Fear No Art: Opera Edition

A performance and a class are perfect for folks wanting to learn more about the art form

Don't know a dang thing about opera and have no idea where to start? Boy, are you in luck these next few weeks.

It makes sense that a city like Santa Fe would arguably lead the nation in accessibility and education about opera for newbies. The Santa Fe Opera, anchored in education even beyond its robust apprentice program, is downright obsessed with making the opera house, its stars and production crews accessible to the public. The company offers youth programs, backstage tours, Instameets and more on a regular basis.

Another initiative involves making opera an accessible art form not only by inviting students and newcomers to mainstage productions, but transforming and molding the art form itself into something that appeals even to folks who think they won't like opera in the first place.

Enter Opera for All Voices, and its inaugural production going down this Saturday at the Lensic Performing Arts Center: Sweet Potato Kicks the Sun.

To put it succinctly, according to the Santa Fe opera's website, Opera for All Voices "is a consortium of North American opera companies committed to co-commissioning and co-producing new operatic works for audiences of all ages that bear the same artistic integrity and depth of storytelling as mainstage works."

This means a digestible time frame (less than two hours), it's sung in English, it has a fun storyline that can be followed by kids and adults alike, and there are dynamic musical styles involved; this one in particular features beatboxer Nicole Paris. With hefty names attached like Grammy-winning composer Augusta Read Thomas and director John De Los Santos, it definitely is an evening you shouldn't miss.

The best part? As of this writing, it isn't yet sold out! But it likely will be soon. Get your $20 tickets ASAP at lensic.org.

The Santa Fe Opera also works with its five Opera Guilds in Northern New Mexico—which sound fancy, but are actually accessible and friendly. The Santa Fe Opera Guild, which costs as low as $35 to join, offers talks, tours, special events and more, and is a treasure trove for opera nerds and "mere" admirers alike.

For the latter type of folk—those who want to get to know the art form but perhaps don't know where to start—the Santa Fe Opera Guild has teamed up with the Renesan Institute for Lifelong Learning to present "The ABCs of Opera," a three-part class on Friday afternoons (Nov. 1, 8 and 15) to teach a little more about three particularly popular productions.

The class is also close to selling out, so head to Renesan's website to sign up ASAP. At this writing, there were only 12 seats out of 50 left. It's only $45 for 12 hours of learning over three weeks.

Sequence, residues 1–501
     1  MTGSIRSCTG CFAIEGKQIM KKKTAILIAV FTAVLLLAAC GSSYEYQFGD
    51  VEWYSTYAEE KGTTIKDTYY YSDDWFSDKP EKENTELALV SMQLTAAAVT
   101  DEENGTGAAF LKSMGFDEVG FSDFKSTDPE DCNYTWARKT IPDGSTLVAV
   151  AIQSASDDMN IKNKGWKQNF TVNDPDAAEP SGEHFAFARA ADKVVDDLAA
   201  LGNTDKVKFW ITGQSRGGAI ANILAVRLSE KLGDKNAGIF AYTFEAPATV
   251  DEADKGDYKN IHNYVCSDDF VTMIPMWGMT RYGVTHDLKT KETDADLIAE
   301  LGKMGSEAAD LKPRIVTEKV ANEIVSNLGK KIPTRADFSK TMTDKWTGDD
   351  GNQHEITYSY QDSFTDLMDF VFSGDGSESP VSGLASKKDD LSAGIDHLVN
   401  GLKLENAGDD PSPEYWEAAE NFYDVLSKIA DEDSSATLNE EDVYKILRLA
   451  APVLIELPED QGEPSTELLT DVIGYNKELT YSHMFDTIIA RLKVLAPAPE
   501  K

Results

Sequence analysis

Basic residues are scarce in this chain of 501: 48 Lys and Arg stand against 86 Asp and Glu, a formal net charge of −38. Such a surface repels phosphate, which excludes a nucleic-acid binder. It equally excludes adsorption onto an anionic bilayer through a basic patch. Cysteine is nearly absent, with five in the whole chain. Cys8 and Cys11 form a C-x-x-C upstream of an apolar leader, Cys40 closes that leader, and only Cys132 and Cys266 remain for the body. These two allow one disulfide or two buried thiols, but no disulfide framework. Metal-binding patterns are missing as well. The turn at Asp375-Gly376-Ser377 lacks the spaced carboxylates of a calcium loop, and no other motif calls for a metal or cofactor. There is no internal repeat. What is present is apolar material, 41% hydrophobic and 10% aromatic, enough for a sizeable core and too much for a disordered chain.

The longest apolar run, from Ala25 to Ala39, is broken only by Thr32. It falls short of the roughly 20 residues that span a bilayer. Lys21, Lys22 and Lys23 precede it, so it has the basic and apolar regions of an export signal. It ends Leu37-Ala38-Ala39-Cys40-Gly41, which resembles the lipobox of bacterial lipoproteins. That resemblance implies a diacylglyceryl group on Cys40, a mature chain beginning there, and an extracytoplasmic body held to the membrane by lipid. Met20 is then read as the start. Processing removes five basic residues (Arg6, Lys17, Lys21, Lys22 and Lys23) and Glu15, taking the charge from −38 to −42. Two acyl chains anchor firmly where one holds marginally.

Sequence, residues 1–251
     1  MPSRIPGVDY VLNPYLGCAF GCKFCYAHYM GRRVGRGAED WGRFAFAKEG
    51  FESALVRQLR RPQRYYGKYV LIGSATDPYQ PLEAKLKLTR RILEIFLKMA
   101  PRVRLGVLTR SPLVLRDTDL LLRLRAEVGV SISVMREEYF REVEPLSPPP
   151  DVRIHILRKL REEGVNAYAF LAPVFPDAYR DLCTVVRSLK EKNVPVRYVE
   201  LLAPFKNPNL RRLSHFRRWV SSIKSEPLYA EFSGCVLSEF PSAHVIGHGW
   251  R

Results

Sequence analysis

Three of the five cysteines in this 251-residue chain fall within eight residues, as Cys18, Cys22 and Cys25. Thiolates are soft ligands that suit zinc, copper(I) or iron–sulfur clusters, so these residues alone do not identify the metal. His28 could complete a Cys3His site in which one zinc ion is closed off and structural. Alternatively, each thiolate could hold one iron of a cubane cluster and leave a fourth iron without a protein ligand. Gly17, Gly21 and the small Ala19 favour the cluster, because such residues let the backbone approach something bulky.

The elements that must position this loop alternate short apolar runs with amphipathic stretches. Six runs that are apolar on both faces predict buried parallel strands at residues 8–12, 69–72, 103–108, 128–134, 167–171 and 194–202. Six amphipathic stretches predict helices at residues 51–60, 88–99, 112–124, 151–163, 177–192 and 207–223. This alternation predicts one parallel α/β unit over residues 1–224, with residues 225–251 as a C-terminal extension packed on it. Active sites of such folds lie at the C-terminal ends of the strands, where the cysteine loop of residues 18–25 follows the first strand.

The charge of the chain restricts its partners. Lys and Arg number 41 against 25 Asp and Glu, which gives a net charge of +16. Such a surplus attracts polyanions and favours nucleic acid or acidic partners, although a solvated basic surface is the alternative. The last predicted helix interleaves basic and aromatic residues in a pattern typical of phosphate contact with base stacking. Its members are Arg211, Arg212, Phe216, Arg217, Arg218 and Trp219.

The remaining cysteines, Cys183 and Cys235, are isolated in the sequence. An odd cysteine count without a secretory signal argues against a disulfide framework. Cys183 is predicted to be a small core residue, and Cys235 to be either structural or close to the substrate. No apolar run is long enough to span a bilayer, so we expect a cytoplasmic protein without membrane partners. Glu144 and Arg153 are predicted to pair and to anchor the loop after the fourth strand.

Martha Baker, president of the board of the Santa Fe Opera Guild, and Margie McGregor, vice president of the Renesan board of directors, explained the year-and-a-half long process that produced "The ABCs of Opera:" First, a survey was sent out to Opera Guild members and Renesan students about what they most would want an opera class to cover, and a class re-hashing the basics was the runaway winner—and it also is right in line with the Opera Guild's overarching goal to guarantee the future of opera as a viable art form with a vibrant, passionate audience.

A group of folks involved in the class' organization then viewed a number of recordings of opera performances and judged by the quality of the singing, prestige, video quality and production value to decide which operas would be screened; and now the class is finally going up with lecture and discussion led by opera smarty pants and former guild board member Tom Franks.

The class series opens with The Barber of Seville from the Teatro Real in Madrid in 2005;  then continues with Aida, recorded at La Scala in Milan in 2015; then finishes with Carmen, recorded at the Royal Opera House at Covent Garden in London in 2008. (So it's kind of "The BAC's of Opera," but the organizers felt that Barber was a better starter.) They will be projected from high-definition recordings in the theater at Teatro Paraguas, with a brief lecture ahead of time, a mid-performance intermission, and a post-screening discussion.

Unlike other Renesan courses, you can't wait until this one rolls around again—due to an agreement made in licensing the videos, the class can only run one single time, at least with these operas. If you miss this one, Renesan has other fantastic (and scholarly!) opera offerings year-round, so keep an eye on ssreg.com/renesan for other crazy-affordable options.

Stay tuned to SFReporter.com for a full review of Sweet Potato next week, and get signed up for the performance, the class or both—and get your learn on in one of the classiest mediums possible.

Santa Fe Opera's Opera for All Voices presents Sweet Potato Kicks the Sun

6 pm Saturday Oct. 26. $20. Lensic Performing Arts Center, 211 W San Francisco St., 988-5541; tickets at lensic.org.

The Renesan Institute and the Santa Fe Opera Guild present
The ABC's of Opera

1-5 pm Fridays Nov. 1-15. $45. Teatro Paraguas, 3205 Calle Marie. Preregistration required; call 982-9274 or visit ssreg.com/renesan to sign up.

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